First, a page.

Trade Policy Analysis No. 20

Antidumping 101: The Devilish Details of “Unfair Trade” Law

The U.S. antidumping law enjoys broad political support in part because so few people understand how the law actually works. Its rhetoric of “fairness” and “level playing fields” sounds appealing, and its convoluted technical complexities prevent all but a few insiders and experts from understanding the reality that underlies that rhetoric.

In this study we seek to penetrate the fog of complexity that shields the antidumping law from the scrutiny it deserves. Here we offer a detailed, step-by-step guide to how dumping is defined and measured under current rules. In addition, we identify the many methodological quirks and biases that allow normal, healthy competition to be stigmatized as “unfair” and punished with often cripplingly high antidumping duties. The inescapable conclusion that follows from this analysis is that the antidumping law, as it currently stands, has nothing to do with maintaining a “level playing field.” Instead, antidumping’s primary function is to provide an elaborate excuse for old-fashioned protectionism.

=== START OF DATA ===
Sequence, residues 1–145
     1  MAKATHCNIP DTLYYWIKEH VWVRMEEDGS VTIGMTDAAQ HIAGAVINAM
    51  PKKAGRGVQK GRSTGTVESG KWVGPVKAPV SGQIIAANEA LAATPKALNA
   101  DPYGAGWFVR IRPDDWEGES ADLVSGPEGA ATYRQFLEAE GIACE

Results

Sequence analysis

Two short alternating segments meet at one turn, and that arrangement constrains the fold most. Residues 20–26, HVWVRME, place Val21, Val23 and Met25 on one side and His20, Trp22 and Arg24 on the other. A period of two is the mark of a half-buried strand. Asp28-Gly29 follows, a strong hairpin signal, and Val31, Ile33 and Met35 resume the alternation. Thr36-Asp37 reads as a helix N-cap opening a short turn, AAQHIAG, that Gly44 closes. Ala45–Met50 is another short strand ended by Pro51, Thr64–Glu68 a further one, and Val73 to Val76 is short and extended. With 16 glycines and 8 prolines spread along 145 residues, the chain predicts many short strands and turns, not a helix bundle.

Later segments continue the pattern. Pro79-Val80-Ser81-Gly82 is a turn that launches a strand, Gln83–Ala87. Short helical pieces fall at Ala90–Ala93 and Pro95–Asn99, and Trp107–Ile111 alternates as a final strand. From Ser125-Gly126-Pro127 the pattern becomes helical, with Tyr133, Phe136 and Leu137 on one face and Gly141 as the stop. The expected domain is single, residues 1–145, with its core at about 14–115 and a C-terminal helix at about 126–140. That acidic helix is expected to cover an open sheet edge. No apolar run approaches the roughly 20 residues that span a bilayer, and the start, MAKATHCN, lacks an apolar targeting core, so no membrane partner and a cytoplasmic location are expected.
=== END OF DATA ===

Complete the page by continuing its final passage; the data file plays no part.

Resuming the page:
We illustrate the antidumping law’s serious methodological flaws in a variety of different ways. First, we use simplified examples to illustrate how particular steps in the dumping calculation operate to generate phantom dumping findings. Next, we use actual case records from 18 different dumping determinations to quantify the effects of methodological distortions in specific, real-life cases. Finally, we present a detailed hypothetical case study in which each step in the dumping calculation is explained and faithfully recreated. In that case study, we show how a foreign producer that sells widgets in the United States at prices 13.96 percent higher than in its home market nonetheless winds up with a dumping margin of 7.37 percent.

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Brink Lindsey is director of the Cato Institute’s Center for Trade Policy Studies. Dan Ikenson is a policy analyst at Cato’s Center for Trade Policy Studies.